Claim: For every 25 Polar Express e-mails received, Houghton Mifflin will donate a book to a children’s hospital.
Origins: What was meant to be a short-term 1996 holiday season promotion turned into a cybernightmare. Aimed at promoting specific works of one author by giving a predetermined number of his books to children’s hospitals and tying this give-away to
The offer was simple: a copy of Chris Van Allsburg’s The Polar Express, Two Bad Ants, or >Ben’s Dream to a children’s hospital or similar institution for every
After originally setting aside 2,000 books for this donation, Houghton Mifflin added another 500 to the giveaway, capped the donation at 2,500, and called it a day.
Okay, so what happened to make everything go crazy? Picture a snowball rolling down a hill; at the top it’s small and it rolls slowly, but with every revolution, it gets bigger and rolls faster. The campaign attracted few
The message of “free books for sick kids” overwhelmed everything else, and the original announcement out of Houghton Mifflin of a limited promotion quickly mutated into an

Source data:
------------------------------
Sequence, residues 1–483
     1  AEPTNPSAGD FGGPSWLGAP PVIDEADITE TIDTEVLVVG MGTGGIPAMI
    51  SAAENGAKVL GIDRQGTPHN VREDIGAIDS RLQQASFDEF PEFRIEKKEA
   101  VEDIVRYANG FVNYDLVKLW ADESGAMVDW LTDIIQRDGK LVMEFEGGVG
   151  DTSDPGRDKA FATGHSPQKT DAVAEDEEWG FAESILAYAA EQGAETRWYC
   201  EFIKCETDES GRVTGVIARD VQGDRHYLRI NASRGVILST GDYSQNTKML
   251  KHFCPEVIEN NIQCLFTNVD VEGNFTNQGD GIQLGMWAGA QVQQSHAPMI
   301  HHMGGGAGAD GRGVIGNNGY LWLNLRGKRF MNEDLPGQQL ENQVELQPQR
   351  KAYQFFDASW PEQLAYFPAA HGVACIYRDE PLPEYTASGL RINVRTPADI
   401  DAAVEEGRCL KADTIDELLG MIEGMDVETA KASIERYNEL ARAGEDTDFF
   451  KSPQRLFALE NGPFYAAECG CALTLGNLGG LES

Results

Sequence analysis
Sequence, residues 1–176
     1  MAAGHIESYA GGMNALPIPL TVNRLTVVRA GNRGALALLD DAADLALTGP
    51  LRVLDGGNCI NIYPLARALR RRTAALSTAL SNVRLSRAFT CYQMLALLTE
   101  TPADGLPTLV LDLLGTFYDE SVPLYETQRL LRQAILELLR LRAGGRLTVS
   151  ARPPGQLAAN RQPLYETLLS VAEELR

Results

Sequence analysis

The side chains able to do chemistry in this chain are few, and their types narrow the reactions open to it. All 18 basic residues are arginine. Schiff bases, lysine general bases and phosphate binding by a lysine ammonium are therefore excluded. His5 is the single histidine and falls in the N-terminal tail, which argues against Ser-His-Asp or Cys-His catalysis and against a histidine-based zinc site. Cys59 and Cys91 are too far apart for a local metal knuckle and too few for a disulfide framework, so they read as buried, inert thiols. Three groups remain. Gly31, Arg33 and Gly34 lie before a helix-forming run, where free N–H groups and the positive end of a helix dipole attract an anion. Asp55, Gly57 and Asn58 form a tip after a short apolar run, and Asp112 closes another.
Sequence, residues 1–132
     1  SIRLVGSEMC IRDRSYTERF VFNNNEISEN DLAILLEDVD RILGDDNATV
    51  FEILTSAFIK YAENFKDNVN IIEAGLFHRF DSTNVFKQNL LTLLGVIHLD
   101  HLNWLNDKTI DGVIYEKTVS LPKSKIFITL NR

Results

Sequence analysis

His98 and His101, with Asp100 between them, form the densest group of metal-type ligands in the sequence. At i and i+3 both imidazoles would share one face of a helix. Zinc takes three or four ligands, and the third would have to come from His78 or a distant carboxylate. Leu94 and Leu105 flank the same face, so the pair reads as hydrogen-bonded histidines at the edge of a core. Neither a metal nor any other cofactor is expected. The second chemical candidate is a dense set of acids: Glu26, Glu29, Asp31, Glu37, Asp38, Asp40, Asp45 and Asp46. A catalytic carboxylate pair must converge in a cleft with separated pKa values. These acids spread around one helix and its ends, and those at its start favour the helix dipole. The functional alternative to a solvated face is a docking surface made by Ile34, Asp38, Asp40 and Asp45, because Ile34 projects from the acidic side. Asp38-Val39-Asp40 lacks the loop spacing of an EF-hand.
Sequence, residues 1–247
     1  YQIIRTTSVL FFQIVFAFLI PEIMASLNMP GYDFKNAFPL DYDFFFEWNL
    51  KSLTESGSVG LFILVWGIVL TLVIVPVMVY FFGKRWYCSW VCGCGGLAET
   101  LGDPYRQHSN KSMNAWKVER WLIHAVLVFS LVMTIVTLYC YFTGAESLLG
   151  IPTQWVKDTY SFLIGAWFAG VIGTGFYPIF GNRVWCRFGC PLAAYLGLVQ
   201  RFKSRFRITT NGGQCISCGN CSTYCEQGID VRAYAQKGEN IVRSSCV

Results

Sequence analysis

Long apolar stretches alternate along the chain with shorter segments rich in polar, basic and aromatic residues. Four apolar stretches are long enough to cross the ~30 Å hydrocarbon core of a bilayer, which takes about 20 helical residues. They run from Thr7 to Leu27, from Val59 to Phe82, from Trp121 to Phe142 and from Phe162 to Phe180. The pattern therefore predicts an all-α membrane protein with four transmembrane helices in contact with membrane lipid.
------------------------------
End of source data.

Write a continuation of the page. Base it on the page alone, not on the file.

The mutated message contained no mention of the campaign’s specific start and end dates, the stated maximum number of books available for donation, or even that it was a “holiday season” promotion (which begins to explain why as late as April 1997 what had become the standard exhortation was still showing up on newsgroups). People fired off an endless stream of
Houghton Mifflin’s miscalculation came from running a similar campaign in 1995 — that year 23,000
You would think such an experience would be enough to scare off anyone from trying it again, but you’d be wrong: In 1997 Houghton Mifflin took another run at it. The details that could be found at their Polar Express page provided for the donation of up to one book for every
Barbara “polar bared” Mikkelson
Last updated: 6 October 2007